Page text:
Open Data do fight inequality and discrimination. If...


If they are the right data to answer the right questions, that is.

Open Data do fight inequality and discrimination. If... /img/the-big-question-of-open-data.jpg

Already back in 2011, Mike Gurstein was worried because:

  • “what these nerdy revolutionaries are pursuing is not, as with previous generations - justice, freedom, democracy - rather it is “openness” as in Open Data
  • he saw no discussion of “who the ultimate beneficiaries of this openness would be, and what ultimate uses this open data was being designed towards”

The bad, or not-so-good news

Confirmation that Gurstein’s worries were concrete abound. Here are three examples, to give just a very quick, general idea of what the problems are:

On the other hand…

In the last decade, we have also seen many encouraging real-world examples that:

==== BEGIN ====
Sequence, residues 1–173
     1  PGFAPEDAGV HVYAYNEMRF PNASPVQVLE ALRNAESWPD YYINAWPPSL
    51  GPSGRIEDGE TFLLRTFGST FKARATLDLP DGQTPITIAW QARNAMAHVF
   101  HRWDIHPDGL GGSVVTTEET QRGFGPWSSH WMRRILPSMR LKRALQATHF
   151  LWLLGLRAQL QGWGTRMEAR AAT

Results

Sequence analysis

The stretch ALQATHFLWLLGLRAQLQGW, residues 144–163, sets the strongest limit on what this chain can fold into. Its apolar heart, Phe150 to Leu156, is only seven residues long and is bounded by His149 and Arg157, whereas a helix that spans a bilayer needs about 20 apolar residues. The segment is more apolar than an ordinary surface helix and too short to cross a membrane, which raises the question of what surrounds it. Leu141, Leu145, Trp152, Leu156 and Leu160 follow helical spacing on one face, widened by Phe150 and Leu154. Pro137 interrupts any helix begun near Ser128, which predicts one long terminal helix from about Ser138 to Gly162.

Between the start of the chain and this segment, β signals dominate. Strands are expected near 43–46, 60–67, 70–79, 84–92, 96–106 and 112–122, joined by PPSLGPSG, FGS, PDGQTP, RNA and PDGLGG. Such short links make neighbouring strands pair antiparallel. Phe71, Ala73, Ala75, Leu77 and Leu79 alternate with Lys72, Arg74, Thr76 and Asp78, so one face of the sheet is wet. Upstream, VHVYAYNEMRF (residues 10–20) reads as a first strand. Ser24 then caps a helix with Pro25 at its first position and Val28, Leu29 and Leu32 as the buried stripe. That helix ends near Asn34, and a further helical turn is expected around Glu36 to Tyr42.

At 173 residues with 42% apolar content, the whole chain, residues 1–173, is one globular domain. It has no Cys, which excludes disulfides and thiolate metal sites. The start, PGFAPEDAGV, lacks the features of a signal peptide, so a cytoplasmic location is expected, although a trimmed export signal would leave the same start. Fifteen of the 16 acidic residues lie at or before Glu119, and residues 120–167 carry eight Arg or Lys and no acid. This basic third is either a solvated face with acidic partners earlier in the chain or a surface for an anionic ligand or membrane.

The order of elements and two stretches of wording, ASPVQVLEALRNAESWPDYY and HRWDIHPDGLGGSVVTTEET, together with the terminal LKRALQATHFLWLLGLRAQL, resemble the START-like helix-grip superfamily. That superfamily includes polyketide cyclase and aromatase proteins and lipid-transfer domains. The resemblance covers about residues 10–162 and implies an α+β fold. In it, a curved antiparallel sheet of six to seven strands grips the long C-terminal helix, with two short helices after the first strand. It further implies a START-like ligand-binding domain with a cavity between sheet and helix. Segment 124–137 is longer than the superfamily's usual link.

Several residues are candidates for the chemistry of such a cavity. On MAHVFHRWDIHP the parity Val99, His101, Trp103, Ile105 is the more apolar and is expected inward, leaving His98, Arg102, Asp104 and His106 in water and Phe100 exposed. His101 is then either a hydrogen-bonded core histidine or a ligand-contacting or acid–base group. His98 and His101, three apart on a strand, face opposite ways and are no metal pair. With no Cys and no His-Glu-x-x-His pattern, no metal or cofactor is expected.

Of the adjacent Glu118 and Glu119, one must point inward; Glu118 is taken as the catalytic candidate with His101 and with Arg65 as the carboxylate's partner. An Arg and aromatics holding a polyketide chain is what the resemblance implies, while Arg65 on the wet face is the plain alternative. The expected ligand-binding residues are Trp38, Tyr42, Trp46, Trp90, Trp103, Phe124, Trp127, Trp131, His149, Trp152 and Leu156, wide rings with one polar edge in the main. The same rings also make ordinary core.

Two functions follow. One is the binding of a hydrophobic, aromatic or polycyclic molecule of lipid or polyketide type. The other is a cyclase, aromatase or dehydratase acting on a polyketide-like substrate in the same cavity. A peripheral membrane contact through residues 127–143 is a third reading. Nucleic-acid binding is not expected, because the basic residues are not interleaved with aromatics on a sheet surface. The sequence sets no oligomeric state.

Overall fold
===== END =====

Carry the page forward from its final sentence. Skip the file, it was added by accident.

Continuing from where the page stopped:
As usual, if one asks the wrong questions, the answers don’t matter

Open Data do fight inequality and discrimination. If... /img/opendata-word-clouds-small.jpg
Quick! Find the missing words!

The unsurprising conclusions are that, almost ten years after the beginning of the movement:

  • in general, the positive potential of Open Data is like the future according to W. Gibson: “already there, just not evenly distributed”
  • “the data problems of today can be traced to the social ordering practices of the 19TH CENTURY”. But that is no reason to not demand more Open Data, everywhere.
  • Problems happen when the “nerdy” focus on Open Data as such “distracts from the real show, which is always about power (and/or money). The most important Open Data are those who shine light on powerful people (including, I would say, showing how they stay powerful through structural discrimination)

I mean, have you noticed that in none of those “Open Data” word clouds above terms like inequality, equal opportunities or poverty are big enough to be visible?

Image source: image search for Open Data word clouds, and “Does the Open Data Create Any Public Value?”

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